Are Wikis the Wave of the Future? This Association Thinks So.

With its publications struggling, the American Concrete Pavement Association began looking for a new way to provide information to its members and the industry. The group’s solution: WikiPave.

The American Concrete Pavement Association is convinced that providing open access to industry tools and resources is the model of the future for associations. To prove it, last week  ACPA unveiled a new online, wiki-style platform called WikiPave and effectively shut down its existing publications.

We are cutting a new path, embracing a technology that most member-based associations consider competition to the value proposition of their members.

Like other wikis (the one most people know best is Wikipedia), the tool is a collaborative platform that will rely heavily on ACPA staff, members, and industry partners to cull through troves of data and resources to ensure everything posted there is relevant and current. The group built the tool using 51 years of publications, research, and other association resources.

“Wikipave is a significant change for the association and industry in terms of how we deliver information,” ACPA President and CEO Gerald Voigt said in a statement. “We are cutting a new path, embracing a technology that most member-based associations consider competition to the value proposition of their members.”

The move to a wiki format was prompted by years of declining publication sales but also by a desire to become a more efficient, go-to resource for people in the industry, said Bill Davenport, vice president of communications at ACPA.

“We started talking to our members, partners, and other people out there in the construction industry, and like a lot of other people and other industries, they told us that they want information in real time, when they need it, and how they need it,” he said. “People just don’t want to wait for a publication to arrive in the mail, they don’t want to download a 200-page publication if they need just a 50-word response.”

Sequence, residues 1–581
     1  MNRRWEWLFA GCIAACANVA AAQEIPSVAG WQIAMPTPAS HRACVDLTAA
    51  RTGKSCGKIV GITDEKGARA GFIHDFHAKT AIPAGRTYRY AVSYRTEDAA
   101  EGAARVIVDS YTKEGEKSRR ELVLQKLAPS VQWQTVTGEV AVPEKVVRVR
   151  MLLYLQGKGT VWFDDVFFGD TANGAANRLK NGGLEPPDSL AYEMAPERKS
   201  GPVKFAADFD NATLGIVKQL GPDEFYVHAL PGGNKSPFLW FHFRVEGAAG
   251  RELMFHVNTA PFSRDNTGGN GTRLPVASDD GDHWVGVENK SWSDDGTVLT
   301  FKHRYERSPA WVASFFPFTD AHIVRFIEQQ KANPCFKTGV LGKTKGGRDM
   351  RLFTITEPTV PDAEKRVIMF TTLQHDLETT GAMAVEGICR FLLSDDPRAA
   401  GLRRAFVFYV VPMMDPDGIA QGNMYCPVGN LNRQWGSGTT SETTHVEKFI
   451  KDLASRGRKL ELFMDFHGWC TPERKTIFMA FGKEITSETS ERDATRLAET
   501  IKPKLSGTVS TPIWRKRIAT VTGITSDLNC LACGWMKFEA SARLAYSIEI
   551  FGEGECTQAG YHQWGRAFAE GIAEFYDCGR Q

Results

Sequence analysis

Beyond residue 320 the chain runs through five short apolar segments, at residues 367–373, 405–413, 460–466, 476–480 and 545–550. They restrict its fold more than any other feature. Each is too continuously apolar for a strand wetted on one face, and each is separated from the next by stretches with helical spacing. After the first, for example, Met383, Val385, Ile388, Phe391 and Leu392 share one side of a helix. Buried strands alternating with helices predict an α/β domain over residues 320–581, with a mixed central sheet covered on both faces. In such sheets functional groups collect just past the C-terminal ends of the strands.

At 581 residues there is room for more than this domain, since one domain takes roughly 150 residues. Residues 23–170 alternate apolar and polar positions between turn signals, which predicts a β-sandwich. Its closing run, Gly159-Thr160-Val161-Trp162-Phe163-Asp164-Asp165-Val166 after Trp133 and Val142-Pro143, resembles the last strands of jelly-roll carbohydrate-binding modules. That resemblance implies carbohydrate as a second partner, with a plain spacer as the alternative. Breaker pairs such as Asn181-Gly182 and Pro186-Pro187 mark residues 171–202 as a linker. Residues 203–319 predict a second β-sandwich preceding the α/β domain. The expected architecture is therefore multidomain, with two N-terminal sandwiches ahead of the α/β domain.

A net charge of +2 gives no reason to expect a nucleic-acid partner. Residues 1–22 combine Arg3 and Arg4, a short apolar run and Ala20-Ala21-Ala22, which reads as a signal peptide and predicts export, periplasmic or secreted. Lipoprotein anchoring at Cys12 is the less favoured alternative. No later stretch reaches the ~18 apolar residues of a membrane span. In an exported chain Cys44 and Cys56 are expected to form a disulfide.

By making the information open access, ACPA hopes to fortify its status as a leader in the industry, Davenport said.

“The worldwide transportation and construction communities look to ACPA for industry leadership, so we’d be doing a disservice to the global transportation construction community if we did not have some sort of interface with them on a daily basis,” he said. “We have our website and we develop microsites, but the challenge with maintaining a website is that the technical information becomes almost an afterthought. It very clearly needed to be on a platform as expansive and dynamic as the wiki.”

Though it’s live, Davenport acknowledged that some pages are still in rough form and that the site will continue to be a work in progress. “That’s the nature of these kinds of things, though,” he said.

When other industry leaders learned of WikiPave, the organization was bombarded with questions about making the jump from a publications model to this open-access model.

“It’s a big and risky move, but one that we’re confident in,” he said. “There’s the initial shock of how do you deal with that kind of revenue loss, but once you get the broad commitment of staff, leadership, and the members, the long-term benefits are just immeasurable. For an association, if your mission is to educate, inform, transfer knowledge, transfer technology, or any combination of the above, this is really a very useful type of tool.”

(ACPA screenshot)

Rob Stott

By Rob Stott

Rob Stott is a contributing editor for Associations Now. MORE

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